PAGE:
The taxi driver had never even heard of Great Malvern, and had to ask a colleague which direction Worcester was. He was a real Brummy local and had never travelled that far away from the city! But he was cheerful and willing, and when I asked him to try to drive gently as Chris was still feeling sick, he drove very smoothly indeed. Chris was still not much more than semi-conscious, so I had to direct the taxi-driver to Malvern station, where he helped me transfer our luggage to our car, then set off back to Birmingham. He said that he had all afternoon to find the way home if he got lost!

I drove us home, and put Chris to bed, but he was shaking and shivering so much that I was still really concerned about him. So I phoned the Chemotherapy Hotline at Cheltenham, and they said they wanted to see him in person to check his bloodcounts. I packed an overnight bag for him in case he was admitted to hospital, and drove him to Cheltenham. We got there about 2:30pm. There were two very ill people in the assessment ward, who clearly took priority over us, and by the time the doctor reached us Chris was feeling quite a bit better and was really rather perky although he’d missed his anti-emetics in all the disruption so was throwing up again.

The duty oncologist put him through a whole battery of tests and was clearly puzzled that she could find nothing much wrong with him. She phoned her on-call consultant for a second opinion, and they decided that there were two options. Either they could admit him overnight for observation, or we could come back the next morning when our own oncologist would be on duty, and we could discuss the situation with him. But they didn’t want me to take Chris all the way back to Malvern overnight – that was too far away from the hospital in case of problems. Fortunately I’d remembered that our friend Richard’s parents were at their Cheltenham flat that weekend, only ten minutes away from the hospital. I’d only met them once before, but when I phoned them and said we were in trouble and needed help, they leapt into action offering food and a bed for the night. The oncologist and her consultant were happy with that compromise and I felt so relieved that we were in good hands.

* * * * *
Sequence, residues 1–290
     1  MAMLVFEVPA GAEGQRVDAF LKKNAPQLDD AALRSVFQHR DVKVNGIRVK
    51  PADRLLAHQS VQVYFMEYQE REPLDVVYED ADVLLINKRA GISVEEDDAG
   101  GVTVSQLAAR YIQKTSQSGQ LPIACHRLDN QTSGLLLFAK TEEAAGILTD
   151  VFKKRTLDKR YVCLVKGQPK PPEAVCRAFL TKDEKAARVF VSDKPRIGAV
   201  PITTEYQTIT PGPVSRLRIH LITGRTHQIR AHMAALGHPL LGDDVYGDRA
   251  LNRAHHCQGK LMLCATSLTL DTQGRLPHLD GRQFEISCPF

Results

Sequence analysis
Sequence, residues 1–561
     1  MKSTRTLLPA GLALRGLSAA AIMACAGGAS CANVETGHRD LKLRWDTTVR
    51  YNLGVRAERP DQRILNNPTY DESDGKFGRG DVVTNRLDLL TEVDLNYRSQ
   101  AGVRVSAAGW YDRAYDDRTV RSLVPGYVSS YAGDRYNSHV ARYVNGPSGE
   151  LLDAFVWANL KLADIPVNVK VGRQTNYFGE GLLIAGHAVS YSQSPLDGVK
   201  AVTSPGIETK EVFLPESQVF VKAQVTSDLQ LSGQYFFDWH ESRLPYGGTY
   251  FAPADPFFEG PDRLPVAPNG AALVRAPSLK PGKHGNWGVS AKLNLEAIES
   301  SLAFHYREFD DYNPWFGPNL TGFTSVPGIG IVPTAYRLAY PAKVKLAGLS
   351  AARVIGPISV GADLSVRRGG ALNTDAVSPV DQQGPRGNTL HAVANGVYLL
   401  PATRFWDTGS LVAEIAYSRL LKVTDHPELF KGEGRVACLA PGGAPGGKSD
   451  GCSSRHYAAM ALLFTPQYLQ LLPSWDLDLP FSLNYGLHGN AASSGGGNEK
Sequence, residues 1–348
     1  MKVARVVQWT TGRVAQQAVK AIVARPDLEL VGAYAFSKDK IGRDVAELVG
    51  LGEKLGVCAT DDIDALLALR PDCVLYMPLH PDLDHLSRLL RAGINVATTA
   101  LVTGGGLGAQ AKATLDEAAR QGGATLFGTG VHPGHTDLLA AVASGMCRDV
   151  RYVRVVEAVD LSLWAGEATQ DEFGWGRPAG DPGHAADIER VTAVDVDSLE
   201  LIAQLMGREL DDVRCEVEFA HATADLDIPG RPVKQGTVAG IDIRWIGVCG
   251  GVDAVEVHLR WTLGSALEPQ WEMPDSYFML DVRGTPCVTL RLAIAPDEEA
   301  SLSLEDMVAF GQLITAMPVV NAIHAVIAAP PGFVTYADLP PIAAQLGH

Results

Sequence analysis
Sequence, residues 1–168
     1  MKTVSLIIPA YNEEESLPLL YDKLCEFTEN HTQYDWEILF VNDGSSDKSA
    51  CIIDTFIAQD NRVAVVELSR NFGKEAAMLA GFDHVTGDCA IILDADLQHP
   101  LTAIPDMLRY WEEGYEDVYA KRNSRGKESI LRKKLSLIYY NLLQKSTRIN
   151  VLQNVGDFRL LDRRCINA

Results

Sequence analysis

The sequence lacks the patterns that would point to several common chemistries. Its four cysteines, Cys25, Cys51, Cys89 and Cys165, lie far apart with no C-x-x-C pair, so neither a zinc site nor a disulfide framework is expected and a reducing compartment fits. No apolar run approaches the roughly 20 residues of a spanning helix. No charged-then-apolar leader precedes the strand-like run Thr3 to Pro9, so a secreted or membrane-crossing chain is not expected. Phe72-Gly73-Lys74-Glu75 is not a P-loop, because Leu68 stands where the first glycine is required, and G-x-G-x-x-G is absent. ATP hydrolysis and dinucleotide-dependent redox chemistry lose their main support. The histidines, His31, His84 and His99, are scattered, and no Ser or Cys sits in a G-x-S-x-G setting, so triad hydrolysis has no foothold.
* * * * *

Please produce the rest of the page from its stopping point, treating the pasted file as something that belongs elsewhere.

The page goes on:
We went back to the hospital on Monday morning to talk things over with our oncologist. He was happy to discharge Chris back home, but said that slower-time he would want to do some more tests on him, at Worcester, to see if he could get to the problem of what had happened. But it could well be a “multi-factorial problem” which I took to mean “just one of those things that happens when you are seriously ill and pumped full of so many different interacting drugs”. We finally got home at lunch time on Monday, and I got into work only half an hour late for yet another important meeting on the project I’m meant to be running.

I’m still having flashbacks and nightmares about what could have gone wrong, but the main point is that it didn’t. I wish it hadn’t happened, but we got through it fine and everything seems back to normal now.